Guest Blog Post by
Audra Smith, Assistant Strength Coach at the University of Washington for Track and Field and Cross Country
USA Weightlifting certified and Master's degree in Health Education. Audra is in her third year at UW where she oversees all of the strength training for track and field and XC. A former heptathlete at Idaho State University. She lives in Laurelhurst and is currently training for her third marathon.
You all have been there, during your run, feeling tightness in you quads, knees, glutes, hamstrings, even IT bands (iliotibial band). The feeling is quite uncomfortable but you push on because you are ten minutes in the run and you hope it will “loosen up” as you continue to pound the pavement. My first thought when athletes come to me about tightness in their in those areas is, how is your strength training? Is your body strong enough to withstand the amount of force you put into the ground with each stride? I tell my athletes, “You can be a good distance runner by just running, but you can be a great distance runner by running and incorporating strength training in your weekly regiment.” When developing strength training programs for the runner I use the K.I.S.S. acronym; keep it simple sista! That means, in the beginning of training, body weight is your dumbbell. In strength training, technique and form is crucial for success.
If I had to recommend one exercise, I believe the best prescription to benefit a runner is the goblet squat. Studies have shown a direct correlation with squats and competitive runners. Squats are one of the best whole body exercises that any athlete can do but for a runner it provides benefits that mileage cannot. Squats aid in injury prevention, core stability, full range of motion, flexibility and efficiency. Really? All of those benefits in just one exercise? Yes, and if you call and order now you can get a set of lunges included in the package for free. The next step is when, where, how, and how many. This goes back to keeping it simple;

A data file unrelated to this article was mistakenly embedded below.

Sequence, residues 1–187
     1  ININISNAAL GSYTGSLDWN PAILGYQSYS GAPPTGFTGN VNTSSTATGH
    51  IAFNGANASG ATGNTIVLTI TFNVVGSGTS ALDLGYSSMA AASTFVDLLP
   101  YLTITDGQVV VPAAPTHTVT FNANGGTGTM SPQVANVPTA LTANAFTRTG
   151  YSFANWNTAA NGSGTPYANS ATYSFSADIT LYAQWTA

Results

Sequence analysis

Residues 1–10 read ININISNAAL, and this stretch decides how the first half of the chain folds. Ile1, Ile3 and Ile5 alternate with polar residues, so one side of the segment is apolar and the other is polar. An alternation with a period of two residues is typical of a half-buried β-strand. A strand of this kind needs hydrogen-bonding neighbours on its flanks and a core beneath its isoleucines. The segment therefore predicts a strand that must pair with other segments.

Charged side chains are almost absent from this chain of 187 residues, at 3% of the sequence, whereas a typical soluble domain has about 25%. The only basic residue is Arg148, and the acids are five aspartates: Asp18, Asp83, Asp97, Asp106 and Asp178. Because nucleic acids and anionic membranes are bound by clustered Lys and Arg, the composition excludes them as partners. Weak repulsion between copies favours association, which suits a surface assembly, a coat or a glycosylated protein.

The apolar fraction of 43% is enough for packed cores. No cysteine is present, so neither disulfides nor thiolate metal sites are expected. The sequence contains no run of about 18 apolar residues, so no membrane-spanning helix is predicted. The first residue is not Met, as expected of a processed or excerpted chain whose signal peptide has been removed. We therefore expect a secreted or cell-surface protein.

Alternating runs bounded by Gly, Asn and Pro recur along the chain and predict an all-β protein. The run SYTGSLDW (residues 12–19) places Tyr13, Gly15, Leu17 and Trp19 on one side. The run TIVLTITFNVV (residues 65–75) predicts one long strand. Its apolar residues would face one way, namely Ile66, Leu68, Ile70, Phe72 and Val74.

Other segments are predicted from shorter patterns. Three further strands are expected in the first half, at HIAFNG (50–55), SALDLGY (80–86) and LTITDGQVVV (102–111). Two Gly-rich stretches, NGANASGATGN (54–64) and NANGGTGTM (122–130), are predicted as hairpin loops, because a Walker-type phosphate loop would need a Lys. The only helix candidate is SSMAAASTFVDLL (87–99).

when: after your run,
where: any old place that is flat.
how: set your feet a little past shoulder width, toes pointed slightly outward, take your hands and pretend you are carrying a large bag from the bottom. As you squat, let your hands and forearms glide along the inside of your legs until your elbows get to your knees, use your elbows to push your knees out allowing your entire foot to stay flat on the ground. When at the bottom while keeping your chest up and back as vertical as possible push at the same time through both heels and stand up.
how many: the best place to start is counting the overall number of squats. Beginners 15 total, more advanced, 25. However keep in mind to do this in sets, 3 sets of 5 is a great place to start, eventually 5 sets of 5. Again counting the total number (3x5=15). The goblet squat is a variation of a squat that allows you to easily get into a more efficient squatting position without having a trainer at arms length. I would recommend doing just using your body weight and let gravity take care of the rest.